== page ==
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Is it possible to 3D print a mirror with todays available materials?

If so, would there be a reduction in image quality?

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If you can print a thermally stable material, the stairsteps may be unacceptable, but you can be very close to the desired contour. It would be a very good start for some polishing. – Ross Millikan Aug 10 '14 at 4:16

The highest resolution 3d printers I know of are around 1600dpi, which is a resolution of about 15$\mu m$. Telescope mirrors have to be smooth to fractions of a wavelength of light, so the resolution of current printers is nowhere near good enough.

Whether 3D printers could one day be good enough is a different question, but given that the improvement in resolution required is at least a factor of 1,000 I think it's not likely because 3D printers are designed to address quick manufacture rather than precision manufacture. In any case, making mirrors is a well established procedure. The difficulty is making them large, and it's not obvious how 3D printers would help with this.

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Active Optics telescopes which actually build the discs with small pieces. Their main problem is building small parts with accuracy. If we could just increase the resolution a bit, we would hit two revolutions at once. Don't you agree? – Cheeku Aug 4 '14 at 12:58
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Also, it is my understanding that 3D printers do not make smooth curved surfaces no matter their resolution. Such surfaces require extensive "finishing", which is what you currently have to do to homemade telescope mirrors anyway. So no gain at all there. – RBarryYoung Aug 4 '14 at 13:03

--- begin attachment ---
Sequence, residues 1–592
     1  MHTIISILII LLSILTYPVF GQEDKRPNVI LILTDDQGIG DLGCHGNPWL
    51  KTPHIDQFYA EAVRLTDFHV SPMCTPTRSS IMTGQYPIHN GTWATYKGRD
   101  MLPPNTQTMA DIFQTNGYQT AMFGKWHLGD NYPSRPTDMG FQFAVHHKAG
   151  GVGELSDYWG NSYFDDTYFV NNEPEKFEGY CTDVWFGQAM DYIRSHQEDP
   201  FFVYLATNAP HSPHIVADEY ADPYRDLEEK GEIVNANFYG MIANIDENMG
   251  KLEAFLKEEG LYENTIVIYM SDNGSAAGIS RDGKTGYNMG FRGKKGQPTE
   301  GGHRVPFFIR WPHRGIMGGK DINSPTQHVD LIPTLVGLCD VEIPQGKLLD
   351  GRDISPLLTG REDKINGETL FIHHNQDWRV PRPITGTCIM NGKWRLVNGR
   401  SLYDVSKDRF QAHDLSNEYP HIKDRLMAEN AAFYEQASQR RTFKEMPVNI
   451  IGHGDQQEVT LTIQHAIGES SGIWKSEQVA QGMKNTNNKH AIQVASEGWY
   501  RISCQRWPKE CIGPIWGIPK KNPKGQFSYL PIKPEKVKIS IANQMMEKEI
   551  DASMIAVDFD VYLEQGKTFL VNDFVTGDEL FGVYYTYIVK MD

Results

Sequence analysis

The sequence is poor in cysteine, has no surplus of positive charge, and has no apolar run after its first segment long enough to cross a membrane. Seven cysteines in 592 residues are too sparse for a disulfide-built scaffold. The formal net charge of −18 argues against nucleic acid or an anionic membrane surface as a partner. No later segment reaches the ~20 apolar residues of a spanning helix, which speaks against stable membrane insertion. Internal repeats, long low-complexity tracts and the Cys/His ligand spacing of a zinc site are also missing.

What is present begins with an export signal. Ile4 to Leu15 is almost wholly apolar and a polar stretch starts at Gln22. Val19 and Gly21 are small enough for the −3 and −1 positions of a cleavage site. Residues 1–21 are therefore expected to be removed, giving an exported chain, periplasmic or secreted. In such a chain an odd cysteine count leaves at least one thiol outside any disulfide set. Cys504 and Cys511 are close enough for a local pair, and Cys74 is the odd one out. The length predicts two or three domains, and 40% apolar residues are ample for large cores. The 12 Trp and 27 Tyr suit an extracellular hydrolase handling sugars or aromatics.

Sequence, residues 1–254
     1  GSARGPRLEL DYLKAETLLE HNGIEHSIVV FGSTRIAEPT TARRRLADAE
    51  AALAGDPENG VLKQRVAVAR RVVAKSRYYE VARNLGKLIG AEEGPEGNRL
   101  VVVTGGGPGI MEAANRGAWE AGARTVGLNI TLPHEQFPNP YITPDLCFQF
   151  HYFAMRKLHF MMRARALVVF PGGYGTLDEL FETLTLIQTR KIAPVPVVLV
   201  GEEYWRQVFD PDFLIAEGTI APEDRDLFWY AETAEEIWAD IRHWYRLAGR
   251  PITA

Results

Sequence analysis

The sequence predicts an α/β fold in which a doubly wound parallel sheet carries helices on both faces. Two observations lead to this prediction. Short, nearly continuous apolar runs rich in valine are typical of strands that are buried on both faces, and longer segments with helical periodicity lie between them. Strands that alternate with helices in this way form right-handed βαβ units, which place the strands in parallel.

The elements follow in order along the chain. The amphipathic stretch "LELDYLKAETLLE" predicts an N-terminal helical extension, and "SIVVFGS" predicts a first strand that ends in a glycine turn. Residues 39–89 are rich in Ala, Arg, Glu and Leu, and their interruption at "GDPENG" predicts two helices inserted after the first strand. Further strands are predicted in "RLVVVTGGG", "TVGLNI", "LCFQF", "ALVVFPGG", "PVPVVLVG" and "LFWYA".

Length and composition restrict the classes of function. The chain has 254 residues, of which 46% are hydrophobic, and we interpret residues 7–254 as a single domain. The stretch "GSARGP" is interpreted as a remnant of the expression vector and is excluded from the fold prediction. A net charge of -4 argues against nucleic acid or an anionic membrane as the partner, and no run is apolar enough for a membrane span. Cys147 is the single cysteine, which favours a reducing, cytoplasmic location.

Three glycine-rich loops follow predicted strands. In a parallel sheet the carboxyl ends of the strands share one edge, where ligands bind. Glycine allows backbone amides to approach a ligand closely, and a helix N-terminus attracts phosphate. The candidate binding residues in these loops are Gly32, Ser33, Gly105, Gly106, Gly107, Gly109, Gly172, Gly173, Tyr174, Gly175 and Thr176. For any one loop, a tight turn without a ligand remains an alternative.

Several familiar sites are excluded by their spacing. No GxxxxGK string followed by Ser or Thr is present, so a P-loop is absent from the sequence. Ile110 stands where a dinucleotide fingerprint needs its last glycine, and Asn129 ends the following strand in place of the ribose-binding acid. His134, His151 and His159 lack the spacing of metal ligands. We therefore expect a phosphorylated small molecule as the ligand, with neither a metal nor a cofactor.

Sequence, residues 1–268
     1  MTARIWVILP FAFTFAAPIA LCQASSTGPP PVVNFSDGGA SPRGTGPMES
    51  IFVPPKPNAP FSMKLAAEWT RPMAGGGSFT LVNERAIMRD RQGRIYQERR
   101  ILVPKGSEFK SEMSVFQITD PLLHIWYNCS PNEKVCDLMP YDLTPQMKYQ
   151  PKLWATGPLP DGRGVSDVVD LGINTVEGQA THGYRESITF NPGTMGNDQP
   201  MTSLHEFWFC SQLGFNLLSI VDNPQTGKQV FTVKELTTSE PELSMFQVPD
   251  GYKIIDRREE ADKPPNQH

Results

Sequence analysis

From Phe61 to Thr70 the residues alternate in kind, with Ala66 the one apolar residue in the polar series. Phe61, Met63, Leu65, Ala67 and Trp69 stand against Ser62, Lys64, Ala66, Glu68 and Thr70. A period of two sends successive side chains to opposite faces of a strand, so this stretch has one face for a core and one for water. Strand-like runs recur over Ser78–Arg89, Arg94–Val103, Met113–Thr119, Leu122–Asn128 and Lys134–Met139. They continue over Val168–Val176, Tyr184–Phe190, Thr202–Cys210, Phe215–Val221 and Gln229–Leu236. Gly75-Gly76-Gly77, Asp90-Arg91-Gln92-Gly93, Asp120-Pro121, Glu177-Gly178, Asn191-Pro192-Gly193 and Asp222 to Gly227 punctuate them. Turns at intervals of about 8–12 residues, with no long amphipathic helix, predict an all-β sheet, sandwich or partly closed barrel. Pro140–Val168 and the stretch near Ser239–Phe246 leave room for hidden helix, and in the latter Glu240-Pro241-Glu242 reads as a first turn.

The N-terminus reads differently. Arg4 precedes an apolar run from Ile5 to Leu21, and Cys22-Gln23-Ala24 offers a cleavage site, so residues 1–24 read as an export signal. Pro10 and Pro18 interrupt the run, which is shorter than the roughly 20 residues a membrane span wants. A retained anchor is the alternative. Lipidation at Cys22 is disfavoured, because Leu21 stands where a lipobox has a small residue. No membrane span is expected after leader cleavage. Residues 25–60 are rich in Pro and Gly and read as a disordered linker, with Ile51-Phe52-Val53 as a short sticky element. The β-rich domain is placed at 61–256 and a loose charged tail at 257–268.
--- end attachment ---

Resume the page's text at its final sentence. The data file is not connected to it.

@cheeku no, each mirror's surface must be uniform to better than a wavelength. Now, for comparison, once a mirror is polished to the necessary smoothness, it's may be given a multilayer antireflective (AR) coating. You could look up vapor-deposition methods to see how evenly such coatings can be applied (although this is not a way to get macro-thickness "3D" coatings). – Carl Witthoft Aug 4 '14 at 13:16
    
@CarlWitthoft Yeah, I agree to that. My comment was directed to the last sentence of the answer, "...difficulty is making them large..." My bottom line: smoothness, yes. Size, not really. – Cheeku Aug 4 '14 at 18:13

The answer is "Yes" but not the way you might expect. It is possible to construct a telescope mirror from rotating liquid metal.Mercury used to be used but something like Gallium is safer and better.

So print a cradle for it, put in the Gallium, raise the equipment past the melting point (about 30 degC), spin gently to get a parabolic surface, and then cool.

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Can't be done, yet. But don't expect 3d printing to stand still, it's only recently been born, wait till it starts walking, and running! My hope was that there could be a vacuum process that was usable in just enough vacuum to form a perfect mirror shape over a perfect mirror mold of some kind, then start the vapor deposition on the cheap, lightweight material that was drawn into the perfect mirror mold. Maybe you could make a lot of them before the mirror was harmed. Maybe a cousin of mylar. Large cheap mirrors would do wonders for science and astronomy, and people.

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Yep! Can just imagine printing out my own 24" mirror for a big reflector at home lol :D – Baconbeastnz Aug 10 '14 at 3:52

protected by Qmechanic Feb 3 at 13:02

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